Why Everyone Should Read Marriage Be Hard - The Pelvic PT Perspective

Updated: Oct 11



If you haven't heard, Kev On Stage and Mrs. Kev On Stage just released their new book Marriage Be Hard - and I'm OBSESSED. This book sheds light on so many aspects of marriage that are not often publicly talked about in a real and raw way, but what inspired this post was their chapter on sex. Yes, SEX. Why? Because their stories and struggles triggered me and mirror what I often hear from my patients when they're struggling with vaginismus or painful sex. Let me explain.


I'll start by talking about me. I grew up in the church, and the messaging around sex was that I was supposed to wait until marriage, I was to remain pure, and my virginity was my value. While this messaging had good intentions, it often left me feeling guilty and shameful for my curiosity and desires. Real talks about sex weren't really a thing in my household, and I learned a lot on my own (I DON'T recommend this). I went through high school and college struggling with reconciling my sexuality with what I was always taught (and believed). It was a horrible mental and emotional back and forth that often left me confused and defeated.

I thought that when (it was more of an "if" back then - a different story for a different day) I got married that it would all be fine. I'd be able to have sex guilt and shame free because it's honorable, even worship in this context. I thought all my negative thoughts and feelings would just disappear with the presence of a husband. I. WAS. WRONG. Here I am, a married woman and STILL dealing with deep rooted guilt and shame around my body and my sexuality. UGH.


I'm going to be honest. I did not do everything right according to the purity movement. And a LOT of my guilt and shame was rooted in that fact. Too often I told myself that if I did it all the right way that things would be different and I would be sexual without worry in marriage. But after treating a NUMBER of soon-to-be married or newly-married patients and hearing Melissa's story in Marriage Be Hard, I fully understand that this is not the case.


Spoiler Alert! Melissa reveals in the book that she was fully subscribed to the purity movement. She did everything right. She not only didn't have sex until she was married, she didn't really talk or even THINK about sex. She, like me and countless other women, assumed that because she did it the right way, sex would just "work" when she got married because - the church basically promised that would be the case. To her dismay, she struggled with guilt and shame as well - not because she did anything wrong, but because she was programmed to see sex as wrong for so many years. She had to do real work to unlearn this harmful messaging and relearn healthy messaging about sex and sexuality - and no one really talks about that part. I'm so thankful she did.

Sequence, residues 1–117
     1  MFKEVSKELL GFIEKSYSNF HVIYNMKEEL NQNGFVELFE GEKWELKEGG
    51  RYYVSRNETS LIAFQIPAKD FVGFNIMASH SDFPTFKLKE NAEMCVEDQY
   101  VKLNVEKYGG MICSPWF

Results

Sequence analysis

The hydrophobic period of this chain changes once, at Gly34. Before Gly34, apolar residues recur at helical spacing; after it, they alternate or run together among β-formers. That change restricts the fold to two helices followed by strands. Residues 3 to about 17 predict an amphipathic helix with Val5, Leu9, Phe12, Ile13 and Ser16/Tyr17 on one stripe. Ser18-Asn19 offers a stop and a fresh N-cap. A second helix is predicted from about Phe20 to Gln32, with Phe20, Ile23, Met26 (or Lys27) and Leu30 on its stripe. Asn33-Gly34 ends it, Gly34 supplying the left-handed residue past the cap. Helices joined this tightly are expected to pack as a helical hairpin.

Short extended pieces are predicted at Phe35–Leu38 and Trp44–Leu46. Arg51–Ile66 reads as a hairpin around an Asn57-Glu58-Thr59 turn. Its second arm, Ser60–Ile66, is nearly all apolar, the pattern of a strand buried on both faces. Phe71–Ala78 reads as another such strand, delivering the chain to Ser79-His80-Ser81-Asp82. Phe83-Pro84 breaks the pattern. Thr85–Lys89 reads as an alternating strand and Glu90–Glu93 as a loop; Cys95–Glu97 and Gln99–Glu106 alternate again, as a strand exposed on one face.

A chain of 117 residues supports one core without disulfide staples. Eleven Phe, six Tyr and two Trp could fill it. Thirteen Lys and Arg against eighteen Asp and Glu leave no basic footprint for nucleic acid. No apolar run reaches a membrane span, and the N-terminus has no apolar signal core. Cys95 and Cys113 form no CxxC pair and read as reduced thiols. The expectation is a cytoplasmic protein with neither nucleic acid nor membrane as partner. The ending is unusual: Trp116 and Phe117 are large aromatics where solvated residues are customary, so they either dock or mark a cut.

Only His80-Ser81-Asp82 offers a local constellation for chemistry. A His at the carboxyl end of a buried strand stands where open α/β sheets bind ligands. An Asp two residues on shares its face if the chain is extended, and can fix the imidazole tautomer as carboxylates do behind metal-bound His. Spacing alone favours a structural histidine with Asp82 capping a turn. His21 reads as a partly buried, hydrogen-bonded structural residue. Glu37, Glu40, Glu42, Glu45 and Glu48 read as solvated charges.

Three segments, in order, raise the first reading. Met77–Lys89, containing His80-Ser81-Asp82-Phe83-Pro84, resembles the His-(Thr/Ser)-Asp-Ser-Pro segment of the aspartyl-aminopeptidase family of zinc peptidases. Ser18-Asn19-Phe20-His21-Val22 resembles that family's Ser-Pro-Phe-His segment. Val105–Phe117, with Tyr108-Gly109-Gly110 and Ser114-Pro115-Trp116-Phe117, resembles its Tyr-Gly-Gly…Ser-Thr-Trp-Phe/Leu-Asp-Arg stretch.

Hearing her story did two things for me. 1. It confirmed that even if I did everything right, without a healthy mindset about sex - I would never be free. And 2. It reminded me of my patients that were virgins with vaginismus and high anxiety around sex. These women were so adamant about avoiding sex that when the time came for them to partake in a way that was acceptable to them, they couldn't. Years of unhealthy messaging caught up to them. It was devastating and took a lot of mental, emotional, and physical work to get them to a place where they were able to have successful sex. Church, we have to do better.


Don't get me wrong - I love God. I identify as a Christian, and I do believe that God created sex for marriage. BUT, I don't believe that you should never know, think, or talk about sex until you're married. I don't believe we should shame women into suppressing their sexuality - whether single or married. We should be having healthy conversations around sex and sexuality in a way that is loving, encouraging, and realistic. Since we believe God created sex, why isn't the Church leading on healthy conversations around it?


This conversation is not limited to Christianity or to married women. A good number of the aforementioned patients were part of other religious communities. And some patients I've seen with painful sex revealed having mental and emotional trauma around sexuality caused by messaging from either their religious community, their family, or their culture. This is a global issue. We need to correct the way we talk about sex - especially to women.


As a Christian, married, female pelvic health physical therapist here's what I want you to know:


  • Sex is not bad. Period.

  • Regardless of your religious beliefs you NEED to have a healthy understanding about your body, sex, and your sexuality.

  • NO ONE has the right to guilt or shame you for your sexuality.

  • If you struggle with sex, there is hope and there is help.


If this post resonates with you and you want to learn more, my favorite book on women's sexuality is Come As You Are by Dr. Emily Nagoski. The link to her book is on my Pelvic Health Resources page under "Readings." If you need 1:1 support, book a discovery call with me so we can create a plan for your success.


Lastly, do me a favor and share this with your girlfriends. Let's keep this conversation going.





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